A bipartisan pair of U.S. senators are calling on the Justice Department to investigate Tik-Tok and Zoom “reported violations of Americans’ civil liberties and of their close ties to the Chinese Communist Party.”
The two apps have come under fire for their connections to Beijing as U.S.-China tensions heat up. India’s recent decision to ban dozens of Chinese-made mobile phone apps is increasing the pressure for a crackdown from U.S. lawmakers.
“Based on numerous reports, we are extremely concerned that Zoom and TikTok have disclosed private information about Americans to the PRC and engaged in censorship on behalf of the Chinese government,” Sen. Josh Hawley (R–Mo.) and Sen. Richard Blumenthal (D–Conn.) wrote in a letter to the Justice Department on Thursday.
The two senators added that “Zoom and TikTok have failed to answer even basic questions about their business operations, including who has access to personal information and when they comply with request from China or other governments.”
Their letter came hours after Secretary of State Mike Pompeo praised India’s technological crackdown in his testimony to the Senate Foreign Relations Committee.
“India has banned a hundred and six Chinese applications that threatened its citizens’ privacy and security,” he said. “Our diplomatic efforts are working, and momentum is building to mitigate the threats that the Chinese Communist Party presents.”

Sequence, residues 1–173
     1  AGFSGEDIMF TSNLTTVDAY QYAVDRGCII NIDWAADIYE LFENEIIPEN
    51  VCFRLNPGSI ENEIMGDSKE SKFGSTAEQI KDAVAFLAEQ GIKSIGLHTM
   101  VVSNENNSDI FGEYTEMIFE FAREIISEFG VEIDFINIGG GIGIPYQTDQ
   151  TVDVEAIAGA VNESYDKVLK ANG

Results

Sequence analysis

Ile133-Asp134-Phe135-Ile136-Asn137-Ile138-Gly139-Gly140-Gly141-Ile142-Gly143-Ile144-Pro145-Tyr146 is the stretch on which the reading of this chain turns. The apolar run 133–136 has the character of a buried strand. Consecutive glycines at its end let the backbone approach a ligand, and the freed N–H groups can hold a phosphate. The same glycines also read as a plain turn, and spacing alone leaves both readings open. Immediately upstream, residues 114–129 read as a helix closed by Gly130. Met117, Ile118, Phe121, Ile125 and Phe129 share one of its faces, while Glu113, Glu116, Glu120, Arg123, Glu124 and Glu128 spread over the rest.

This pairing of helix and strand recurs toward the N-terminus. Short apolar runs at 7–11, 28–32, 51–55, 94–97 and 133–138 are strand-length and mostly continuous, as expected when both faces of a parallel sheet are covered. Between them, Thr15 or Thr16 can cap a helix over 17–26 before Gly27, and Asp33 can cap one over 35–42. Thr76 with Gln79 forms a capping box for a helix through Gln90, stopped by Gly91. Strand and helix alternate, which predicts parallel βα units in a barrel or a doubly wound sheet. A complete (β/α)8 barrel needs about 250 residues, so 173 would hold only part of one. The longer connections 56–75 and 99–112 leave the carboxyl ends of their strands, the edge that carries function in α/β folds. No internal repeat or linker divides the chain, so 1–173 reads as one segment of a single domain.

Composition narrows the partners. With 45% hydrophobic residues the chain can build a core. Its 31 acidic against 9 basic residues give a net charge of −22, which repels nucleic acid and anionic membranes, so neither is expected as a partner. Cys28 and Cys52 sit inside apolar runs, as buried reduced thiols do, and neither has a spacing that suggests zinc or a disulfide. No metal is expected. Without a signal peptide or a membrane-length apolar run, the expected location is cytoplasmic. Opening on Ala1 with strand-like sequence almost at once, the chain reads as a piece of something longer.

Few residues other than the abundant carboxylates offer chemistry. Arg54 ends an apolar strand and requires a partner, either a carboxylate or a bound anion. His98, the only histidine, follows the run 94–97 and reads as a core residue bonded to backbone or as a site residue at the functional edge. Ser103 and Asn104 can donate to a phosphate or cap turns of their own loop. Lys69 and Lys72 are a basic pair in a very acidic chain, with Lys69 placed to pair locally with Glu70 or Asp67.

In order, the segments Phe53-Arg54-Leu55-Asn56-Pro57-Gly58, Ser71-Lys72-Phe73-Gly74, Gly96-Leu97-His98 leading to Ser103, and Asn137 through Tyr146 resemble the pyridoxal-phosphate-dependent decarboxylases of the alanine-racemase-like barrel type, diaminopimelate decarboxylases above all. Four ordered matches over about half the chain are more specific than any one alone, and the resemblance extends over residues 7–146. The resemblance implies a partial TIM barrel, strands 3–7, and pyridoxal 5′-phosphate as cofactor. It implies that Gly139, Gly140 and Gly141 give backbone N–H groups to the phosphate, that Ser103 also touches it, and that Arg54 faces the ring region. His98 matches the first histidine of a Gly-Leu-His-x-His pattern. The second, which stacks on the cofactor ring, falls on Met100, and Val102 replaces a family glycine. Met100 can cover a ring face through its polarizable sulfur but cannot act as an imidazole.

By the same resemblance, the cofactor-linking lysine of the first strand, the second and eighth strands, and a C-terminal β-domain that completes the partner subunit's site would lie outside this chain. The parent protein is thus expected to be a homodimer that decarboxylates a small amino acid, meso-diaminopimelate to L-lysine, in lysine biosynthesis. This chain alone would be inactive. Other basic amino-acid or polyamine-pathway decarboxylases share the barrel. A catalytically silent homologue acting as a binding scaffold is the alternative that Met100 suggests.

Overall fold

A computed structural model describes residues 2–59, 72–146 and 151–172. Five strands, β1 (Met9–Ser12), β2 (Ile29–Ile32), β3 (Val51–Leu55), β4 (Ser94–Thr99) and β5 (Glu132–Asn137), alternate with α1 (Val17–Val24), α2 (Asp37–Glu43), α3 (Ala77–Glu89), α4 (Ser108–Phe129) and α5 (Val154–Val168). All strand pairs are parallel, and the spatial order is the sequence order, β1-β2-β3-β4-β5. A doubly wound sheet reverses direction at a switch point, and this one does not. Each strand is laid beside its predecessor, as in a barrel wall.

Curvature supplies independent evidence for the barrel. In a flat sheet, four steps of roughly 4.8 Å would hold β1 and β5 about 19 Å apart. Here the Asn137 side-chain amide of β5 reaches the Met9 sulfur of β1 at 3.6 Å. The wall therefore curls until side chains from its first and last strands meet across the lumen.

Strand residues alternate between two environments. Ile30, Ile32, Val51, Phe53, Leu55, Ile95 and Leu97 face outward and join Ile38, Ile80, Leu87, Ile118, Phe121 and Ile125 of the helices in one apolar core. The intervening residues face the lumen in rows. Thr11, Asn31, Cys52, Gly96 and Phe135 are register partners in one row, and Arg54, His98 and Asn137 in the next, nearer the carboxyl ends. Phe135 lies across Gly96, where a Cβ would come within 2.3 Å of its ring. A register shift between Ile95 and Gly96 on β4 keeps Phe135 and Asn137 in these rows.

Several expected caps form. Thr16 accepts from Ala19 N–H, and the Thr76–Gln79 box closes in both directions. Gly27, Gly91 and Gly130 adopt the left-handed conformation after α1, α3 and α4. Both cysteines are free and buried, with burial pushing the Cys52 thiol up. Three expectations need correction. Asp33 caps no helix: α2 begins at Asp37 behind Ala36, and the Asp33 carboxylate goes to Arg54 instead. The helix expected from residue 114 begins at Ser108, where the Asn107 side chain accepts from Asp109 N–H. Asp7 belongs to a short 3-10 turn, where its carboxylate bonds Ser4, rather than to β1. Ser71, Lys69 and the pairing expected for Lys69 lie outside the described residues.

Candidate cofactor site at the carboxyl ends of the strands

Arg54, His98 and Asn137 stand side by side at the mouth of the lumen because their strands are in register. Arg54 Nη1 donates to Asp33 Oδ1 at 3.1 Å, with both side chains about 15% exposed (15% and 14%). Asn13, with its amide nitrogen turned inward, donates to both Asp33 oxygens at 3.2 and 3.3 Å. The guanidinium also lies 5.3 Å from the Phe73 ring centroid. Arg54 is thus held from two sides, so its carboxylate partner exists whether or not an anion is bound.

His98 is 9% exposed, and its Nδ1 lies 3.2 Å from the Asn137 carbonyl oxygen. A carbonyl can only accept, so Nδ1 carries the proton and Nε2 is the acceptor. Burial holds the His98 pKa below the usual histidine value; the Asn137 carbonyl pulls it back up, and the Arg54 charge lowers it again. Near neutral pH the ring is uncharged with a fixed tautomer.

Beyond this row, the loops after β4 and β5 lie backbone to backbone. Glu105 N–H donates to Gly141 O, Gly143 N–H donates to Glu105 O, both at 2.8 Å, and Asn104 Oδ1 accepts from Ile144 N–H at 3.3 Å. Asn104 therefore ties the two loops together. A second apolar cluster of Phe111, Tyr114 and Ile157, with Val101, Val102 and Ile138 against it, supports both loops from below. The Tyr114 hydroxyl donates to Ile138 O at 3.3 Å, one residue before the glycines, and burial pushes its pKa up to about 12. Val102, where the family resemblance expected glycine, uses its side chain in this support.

The day before, Secretary of the Treasury Steve Mnuchin said that he would soon give a “recommendation” about Tik-Tok to President Donald Trump, who added that “we are looking at TikTok.”
Tik-Tok is a video-sharing app owned by the Chinese company ByteDance.
Daniel Frey, a cyber threat investigator at Advanced Intelligence LLC said that there are three main national security concerns around TikTok: whether the app could be used to amplify propaganda, whether it could spread malware, and whether it is allowing China to access data on individual users.
“If those users are affiliated with the national security apparatus in the United States, you could see that being a concern,” he said.
These concerns have already led the U.S. military to ban the app on its devices, and the House of Representatives has amended the draft military budget to ban TikTok from U.S. government devices altogether.
TikTok has denied that its Chinese owners have undue influence over the app.
Kevin Mayer, the company’s CEO, wrote that TikTok is run by “responsible and committed members of the American community that follows U.S. laws” in a Wednesday blog post.
Zoom has also come under fire for its Chinese connections, although they are less direct.
The teleconferencing platform confirmed last month that it shut down meetings by Hong Kong dissidents at the Chinese government’s behest.
The company has also come under fire for hosting some of its data on servers located in China. Zoom officials have insisted that they work for an American company, not a Chinese entity.
"We're a US company,” Zoom chief operating officer Aparna Bawa told CNN Business last month. “We're listed on the Nasdaq, headquartered here in San Jose, probably very similar to other technology companies that look for talent globally across the world, and want to put forward the best service that we can put for our customers to use."
Matthew Petti is a national security reporter at the National Interest. Follow him on Twitter: @matthew_petti.